One Down, One Out
At the Sunday morning weigh-in Piper was down an ounce-and-a-half. That's a bit unusual, but I thought it might have been because she had pooped a few minutes before I weighed her. By Sunday evening she seemed lethargic, so I weighed her again. Down another ounce, and that ain't right.
We took her temperature… 105.3! Normal is 101-102. We'd already been giving her Clavamox for a probable urinary tract infection, so we gave her subcutaneous room-temperature fluids with a dose of Baytril mixed in. And we mixed up some slurry and syringe-fed her 30cc.
By Monday morning her temperature had subsided a bit (to 104.9) and she'd gained back two ounces. We gave her more fluids with another dose of Baytril and syringe-fed her slurry and Nutrical. By Monday night her temperature was back down to 100.9, and she'd resumed nibbling a bit on her own. Yesterday we skipped the fluids and just gave her meds and Nutrical.
She seems better again today, though still not back to full speed. One thing we've learned over the years is to trust our instincts (and our thermometer) and intervene when something doesn't look right, rather than just waiting a day or two to see if things improve. The combination of dehydration and fever can be deadly for young kittens.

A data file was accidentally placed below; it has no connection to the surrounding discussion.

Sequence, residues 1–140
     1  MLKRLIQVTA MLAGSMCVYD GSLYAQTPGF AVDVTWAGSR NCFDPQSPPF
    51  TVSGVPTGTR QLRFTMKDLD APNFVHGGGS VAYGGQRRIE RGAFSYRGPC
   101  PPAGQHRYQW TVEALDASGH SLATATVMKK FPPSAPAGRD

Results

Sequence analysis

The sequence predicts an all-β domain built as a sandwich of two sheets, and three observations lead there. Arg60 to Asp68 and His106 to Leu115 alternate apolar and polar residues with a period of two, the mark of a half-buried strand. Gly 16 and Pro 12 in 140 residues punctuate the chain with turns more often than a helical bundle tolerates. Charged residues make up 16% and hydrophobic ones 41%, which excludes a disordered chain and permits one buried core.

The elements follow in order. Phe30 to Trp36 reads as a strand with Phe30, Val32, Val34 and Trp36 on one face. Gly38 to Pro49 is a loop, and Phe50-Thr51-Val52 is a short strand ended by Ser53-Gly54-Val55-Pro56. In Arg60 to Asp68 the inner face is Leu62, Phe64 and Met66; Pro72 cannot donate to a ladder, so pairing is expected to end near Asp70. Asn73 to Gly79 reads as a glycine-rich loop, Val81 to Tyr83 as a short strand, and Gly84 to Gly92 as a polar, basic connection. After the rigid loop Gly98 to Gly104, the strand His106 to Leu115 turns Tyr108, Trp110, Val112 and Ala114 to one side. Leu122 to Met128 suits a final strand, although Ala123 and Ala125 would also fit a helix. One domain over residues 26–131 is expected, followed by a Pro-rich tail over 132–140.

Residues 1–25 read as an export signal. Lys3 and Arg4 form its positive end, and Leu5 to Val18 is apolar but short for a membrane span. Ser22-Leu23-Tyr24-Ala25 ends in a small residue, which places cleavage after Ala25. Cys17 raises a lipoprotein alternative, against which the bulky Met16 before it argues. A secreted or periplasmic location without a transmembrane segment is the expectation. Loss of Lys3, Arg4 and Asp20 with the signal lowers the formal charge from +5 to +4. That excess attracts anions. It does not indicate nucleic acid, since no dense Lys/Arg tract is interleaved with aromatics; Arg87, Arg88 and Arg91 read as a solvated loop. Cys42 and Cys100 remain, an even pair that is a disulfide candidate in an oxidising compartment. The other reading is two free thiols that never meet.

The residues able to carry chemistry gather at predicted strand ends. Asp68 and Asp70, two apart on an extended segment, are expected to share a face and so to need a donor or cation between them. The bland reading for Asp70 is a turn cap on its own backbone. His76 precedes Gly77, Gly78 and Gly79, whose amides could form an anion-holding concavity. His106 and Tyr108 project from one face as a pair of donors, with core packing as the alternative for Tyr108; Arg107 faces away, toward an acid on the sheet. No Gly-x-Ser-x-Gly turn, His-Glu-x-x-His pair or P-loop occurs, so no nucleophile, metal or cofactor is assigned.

While Piper's had a sedentary start to the week, our bigger kittens continue to race around the first floor when we let them out of the villa. Gigi's rhino hump is barely noticeable now, and with the help of betadine, clotrimazole, and itraconazole, she and Oggi are steadily overcoming their ringworm symptoms.
The fur Oggi lost on both his ears has started to grow back, and we can hardly see the once-naked spots on Gigi's paws now. By the time we transfer them to another HT fosterer on Friday (we leave for Santa Fe on Sat am), their only obvious symptoms will once again be… their drippy and cloudy eyes. Sigh.
Viruses? Fungi? Symptoms? Those words continue to be irrelevant to our teflon tabby, Sonny. Make that our former teflon tabby, since Sonny went home two hours ago!
The woman who adopted him has a 17-year-old cat who acts her age and a playful young female cat who needs a more active feline companion. She'll be getting a great new pal for Christmas we're really happy things worked out so well for Sonny and his new family.
filed by: TS